Regatta Bay Golf and Country Club: Straighten Up and Fly Right

By Derek Duncan, Contributor

DESTIN, FL - Sometimes to stand out in a crowd you have to wear something loud. The same is true for golf courses. To catch the attention of the typical American player, a golf course often needs to be flashy and attractive, especially in locations ripe with public and semi-private clubs.

Regatta Bay Golf & Country Club in Destin is no exception. There are now nearly 1,100 golf holes on Florida's Emerald Coast, an area along the Gulf of Mexico encompassing Destin between Panama City Beach to Pensacola, with more added each year. Drawing the visiting golfer to one course over another can be a fierce business and a lackluster course is likely to be on the outside looking in. A flamboyant golf course such as Regatta Bay, on the other hand, can do wonders for marketing and recognition.

As architect Robert Walker says, "You've got to try to outdo the guy next door."

Walker, a resident of Neptune Beach and former associate with Palmer Course Design from 1974 to 1986, designed Regatta Bay to be eye-catching and entertaining. No two holes better demonstrate that than the par four 7th and the par five 18th. Both showcase greens encompassed in elaborate bunkering perched on bulkheads over reflective water hazards. It's no accident either that these two holes are readily visible to traffic on busy Highway 98 that cuts through the heart of Destin. The drive-by impression could not be more exclamatory.

"The owner wanted every hole to be unique, challenging, and dramatic," Walker says, noting that the goal was to create a course with no two holes alike and something new presented at every tee. "I can't understand why some (architects) continue to build the same holes over and over."

While Walker's Regatta Bay comes across as a Florida-style exhibition of flair (which means numerous wetland crossings, plenty of dense underbrush, stock water hazards, and bunkers galore) it's not all just window dressing. The presentation of these obstacles can be severe to the player not on top of his or her game, while the advanced player also has full hands as the 73.8 rating and 148 slope attests, especially considering it tips out at only 6,864 yards.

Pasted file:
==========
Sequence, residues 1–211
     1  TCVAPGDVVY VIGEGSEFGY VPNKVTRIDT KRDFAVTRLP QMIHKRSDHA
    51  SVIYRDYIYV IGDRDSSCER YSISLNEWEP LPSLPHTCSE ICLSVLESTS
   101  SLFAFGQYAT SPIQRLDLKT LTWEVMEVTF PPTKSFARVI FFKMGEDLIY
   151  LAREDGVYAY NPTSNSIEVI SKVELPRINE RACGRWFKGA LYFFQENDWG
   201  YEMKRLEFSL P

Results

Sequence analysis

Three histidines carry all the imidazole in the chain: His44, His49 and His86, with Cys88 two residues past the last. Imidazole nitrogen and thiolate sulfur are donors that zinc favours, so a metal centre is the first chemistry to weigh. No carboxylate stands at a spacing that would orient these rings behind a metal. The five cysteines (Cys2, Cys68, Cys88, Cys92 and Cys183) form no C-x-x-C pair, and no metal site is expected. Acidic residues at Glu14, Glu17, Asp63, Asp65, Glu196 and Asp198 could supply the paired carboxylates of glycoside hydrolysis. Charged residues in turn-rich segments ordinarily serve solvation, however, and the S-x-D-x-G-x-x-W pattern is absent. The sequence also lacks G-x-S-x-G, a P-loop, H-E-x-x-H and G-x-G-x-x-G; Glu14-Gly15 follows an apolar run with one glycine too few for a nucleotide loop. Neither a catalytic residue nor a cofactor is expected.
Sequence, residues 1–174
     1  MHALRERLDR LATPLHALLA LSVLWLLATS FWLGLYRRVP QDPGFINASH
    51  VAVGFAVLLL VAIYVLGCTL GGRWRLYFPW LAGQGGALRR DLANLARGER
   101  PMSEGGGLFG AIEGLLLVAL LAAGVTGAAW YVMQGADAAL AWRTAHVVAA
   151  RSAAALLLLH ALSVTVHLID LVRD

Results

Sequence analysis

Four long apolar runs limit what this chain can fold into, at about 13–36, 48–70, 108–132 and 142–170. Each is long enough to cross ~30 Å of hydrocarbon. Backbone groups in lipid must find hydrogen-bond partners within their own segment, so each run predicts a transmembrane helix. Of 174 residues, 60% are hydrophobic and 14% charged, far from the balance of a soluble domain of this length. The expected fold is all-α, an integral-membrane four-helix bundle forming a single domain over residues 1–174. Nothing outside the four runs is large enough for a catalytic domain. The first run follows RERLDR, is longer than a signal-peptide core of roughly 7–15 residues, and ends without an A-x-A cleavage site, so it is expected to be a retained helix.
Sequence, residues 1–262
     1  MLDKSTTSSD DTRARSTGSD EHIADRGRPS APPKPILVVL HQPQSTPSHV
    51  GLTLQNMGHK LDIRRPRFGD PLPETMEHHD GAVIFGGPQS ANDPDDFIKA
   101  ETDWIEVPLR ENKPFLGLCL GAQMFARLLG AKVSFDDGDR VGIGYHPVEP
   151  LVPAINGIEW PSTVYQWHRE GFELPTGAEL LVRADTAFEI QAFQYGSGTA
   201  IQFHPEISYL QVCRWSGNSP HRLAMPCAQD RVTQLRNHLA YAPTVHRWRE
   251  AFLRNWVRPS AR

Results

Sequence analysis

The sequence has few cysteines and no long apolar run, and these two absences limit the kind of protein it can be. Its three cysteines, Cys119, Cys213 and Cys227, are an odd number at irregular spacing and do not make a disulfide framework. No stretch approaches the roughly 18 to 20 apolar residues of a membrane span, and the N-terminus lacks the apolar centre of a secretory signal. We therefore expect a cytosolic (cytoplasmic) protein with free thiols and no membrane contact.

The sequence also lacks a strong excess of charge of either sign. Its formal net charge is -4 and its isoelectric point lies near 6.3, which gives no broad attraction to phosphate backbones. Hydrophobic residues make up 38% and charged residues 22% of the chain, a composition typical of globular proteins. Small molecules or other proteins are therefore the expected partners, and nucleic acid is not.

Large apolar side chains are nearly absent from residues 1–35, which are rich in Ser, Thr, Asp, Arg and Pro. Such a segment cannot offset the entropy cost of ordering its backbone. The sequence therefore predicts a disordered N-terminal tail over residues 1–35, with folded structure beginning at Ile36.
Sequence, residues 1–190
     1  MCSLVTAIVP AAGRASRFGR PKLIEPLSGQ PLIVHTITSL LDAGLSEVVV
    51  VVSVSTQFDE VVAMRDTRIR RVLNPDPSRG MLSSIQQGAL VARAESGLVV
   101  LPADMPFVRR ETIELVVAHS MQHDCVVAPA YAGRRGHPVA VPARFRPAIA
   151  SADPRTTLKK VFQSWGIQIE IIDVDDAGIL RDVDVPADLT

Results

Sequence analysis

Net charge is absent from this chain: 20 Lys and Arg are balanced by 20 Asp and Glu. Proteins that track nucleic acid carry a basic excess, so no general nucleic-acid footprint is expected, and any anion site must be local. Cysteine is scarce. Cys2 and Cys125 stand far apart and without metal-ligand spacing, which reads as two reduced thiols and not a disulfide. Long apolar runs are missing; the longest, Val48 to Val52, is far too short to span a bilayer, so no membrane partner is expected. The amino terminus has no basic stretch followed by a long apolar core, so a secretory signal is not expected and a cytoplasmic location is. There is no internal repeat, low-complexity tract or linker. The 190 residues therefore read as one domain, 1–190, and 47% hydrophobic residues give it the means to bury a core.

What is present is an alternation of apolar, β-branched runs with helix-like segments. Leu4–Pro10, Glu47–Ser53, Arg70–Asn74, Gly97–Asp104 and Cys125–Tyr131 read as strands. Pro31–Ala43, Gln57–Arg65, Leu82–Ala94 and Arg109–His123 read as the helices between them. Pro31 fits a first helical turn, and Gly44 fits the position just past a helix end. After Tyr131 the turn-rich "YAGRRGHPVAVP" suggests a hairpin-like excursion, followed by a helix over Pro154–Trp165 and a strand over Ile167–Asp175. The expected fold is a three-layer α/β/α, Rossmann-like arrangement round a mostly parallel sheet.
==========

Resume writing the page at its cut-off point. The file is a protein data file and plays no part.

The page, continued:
The recurring theme at Regatta Bay is the omnipresent wetlands. These pre-existing swampy areas must be directly traversed no less than nine times, most frequently with the tee shot.

"We had an abundance of wetland and wetland crossings," Walker explains. "They were the biggest issue we faced. Every wetland had to be closely delineated and we couldn't go into them or put any fill in them. It was a challenge to work them into the design." In fact, he says, if there were any more wetland areas on the site, "the course would probably be too penal for the average golfer."

As it stands the wetlands are implemented almost exclusively as cross hazards. As to why they weren't used in different orientations, Walker says, "I actually believe that they're more forgiving to play across. The wetlands are really nothing more than intimidating."

"You do have to play over (them) on a number of holes but then we used water and bunkers to create diagonal hazards. I really think the diagonal hazards offer the most interesting and strategic challenge because it varies depending on your own game. You can choose how you want to play across it."

There are seven such influential water hazards affecting play on nine holes. Additionally, Walker has intermittently marked his landscape with massive freeform bunkers. For many of these bunkers - busy with fingers, capes, and bays - will immediately call to mind something from the George Thomas school of trapping. For others they will simply elevate blood pressure.